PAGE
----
Medgadget: How does Shyft allow an enterprise organization to setup or access a distributed network in such a way that it does not need to run a network of nodes itself and can do so in a way that prevents actors in the network who are not part of the enterprise business from acting maliciously?
Silcoff: Shyft Network allows external organizations to operate as nodes by becoming dApp builders, or simply integrating with Shyft through an API and taking a larger role in the ecosystem. To ensure normal functioning of the Shyft Bridge, the Shyft Bridge periodically interacts with Shyft Ring nodes by sending messages. The symbiotic relationship between the Shyft Bridge and the Shyft Ring is what enables Shyft to easily detect attacks on the Shyft Bridge. The way Shyft will protect against attacks is quite technical, but in layman’s terms in the event of a 51% attack, the Shyft blockchain may become unusable. In this case, the honest nodes need to retain a minimum amount of information about the Shyft blockchain before it goes down. The complete description of the process that ensures Shyft network resilience can be found in this on our blog.
Medgadget: Does Shyft have any current healthcare use cases implemented today? If so, how are you working with those healthcare organizations? If not, where is Shyft in the product/service development process and when do you expect to be seeing your first implementations?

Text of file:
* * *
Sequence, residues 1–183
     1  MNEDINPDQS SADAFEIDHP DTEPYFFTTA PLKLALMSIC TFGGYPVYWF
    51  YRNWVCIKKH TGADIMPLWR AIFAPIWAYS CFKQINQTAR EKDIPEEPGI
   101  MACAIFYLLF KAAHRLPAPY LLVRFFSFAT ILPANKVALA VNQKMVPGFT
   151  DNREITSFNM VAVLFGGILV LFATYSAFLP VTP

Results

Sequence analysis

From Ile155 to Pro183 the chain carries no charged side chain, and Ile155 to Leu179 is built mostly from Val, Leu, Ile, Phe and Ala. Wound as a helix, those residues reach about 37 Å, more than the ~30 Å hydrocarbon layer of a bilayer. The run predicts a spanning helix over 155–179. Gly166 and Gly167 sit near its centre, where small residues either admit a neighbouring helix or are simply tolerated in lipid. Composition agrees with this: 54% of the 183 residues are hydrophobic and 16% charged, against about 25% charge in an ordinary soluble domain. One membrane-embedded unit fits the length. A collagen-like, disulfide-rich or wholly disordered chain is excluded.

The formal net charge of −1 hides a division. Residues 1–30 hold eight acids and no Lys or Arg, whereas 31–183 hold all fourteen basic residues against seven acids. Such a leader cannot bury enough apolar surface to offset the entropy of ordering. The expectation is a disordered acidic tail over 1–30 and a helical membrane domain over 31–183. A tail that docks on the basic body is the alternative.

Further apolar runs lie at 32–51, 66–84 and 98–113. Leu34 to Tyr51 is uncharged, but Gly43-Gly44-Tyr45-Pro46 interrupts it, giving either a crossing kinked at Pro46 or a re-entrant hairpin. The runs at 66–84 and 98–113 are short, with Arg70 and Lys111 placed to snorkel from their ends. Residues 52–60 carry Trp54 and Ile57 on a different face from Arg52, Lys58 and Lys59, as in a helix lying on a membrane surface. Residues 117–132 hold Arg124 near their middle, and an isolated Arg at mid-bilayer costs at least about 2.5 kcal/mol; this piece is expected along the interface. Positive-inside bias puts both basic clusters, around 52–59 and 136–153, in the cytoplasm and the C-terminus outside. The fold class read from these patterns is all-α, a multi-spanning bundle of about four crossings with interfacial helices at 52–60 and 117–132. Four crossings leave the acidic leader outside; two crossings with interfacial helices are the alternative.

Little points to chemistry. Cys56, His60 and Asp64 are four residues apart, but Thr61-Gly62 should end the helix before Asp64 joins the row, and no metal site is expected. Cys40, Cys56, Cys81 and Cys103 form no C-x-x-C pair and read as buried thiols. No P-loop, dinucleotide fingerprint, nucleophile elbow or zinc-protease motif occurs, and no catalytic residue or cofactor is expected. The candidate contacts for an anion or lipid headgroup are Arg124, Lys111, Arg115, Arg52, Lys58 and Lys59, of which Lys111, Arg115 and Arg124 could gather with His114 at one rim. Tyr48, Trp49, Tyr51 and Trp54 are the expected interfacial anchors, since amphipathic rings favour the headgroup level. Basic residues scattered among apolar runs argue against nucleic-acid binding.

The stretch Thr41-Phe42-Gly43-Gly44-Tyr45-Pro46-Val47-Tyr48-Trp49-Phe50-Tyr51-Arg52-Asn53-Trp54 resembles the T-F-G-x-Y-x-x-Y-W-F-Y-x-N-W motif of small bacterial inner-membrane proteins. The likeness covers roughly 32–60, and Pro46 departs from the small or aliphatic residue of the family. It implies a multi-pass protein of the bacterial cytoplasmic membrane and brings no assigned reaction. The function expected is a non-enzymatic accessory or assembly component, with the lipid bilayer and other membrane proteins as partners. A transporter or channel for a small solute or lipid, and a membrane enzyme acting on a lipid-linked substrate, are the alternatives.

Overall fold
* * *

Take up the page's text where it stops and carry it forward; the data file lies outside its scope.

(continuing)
Silcoff: Shyft is working closely with governments and large organizations around the world to help navigate regulations and compliance in the context of blockchain. With a global impact focus in mind, we’re already starting to make it into different countries — Shyft has recently signed an MOU with Bermuda, and we will soon be announcing more government partners wanting to leverage Shyft as a viable solution for trusted data sharing across the network.
Medgadget: Thank you for your time. To close, what other markets besides healthcare is Shyft focusing on and what are some upcoming milestones that we should be on the lookout for?
Silcoff: With Shyft’s mainnet set to launch in 2019, our focus is to onboard more Trust Anchors into our network, leverage the existing data networks of governments and institutions, and open doors to global interoperability.
Link: Shyft Network…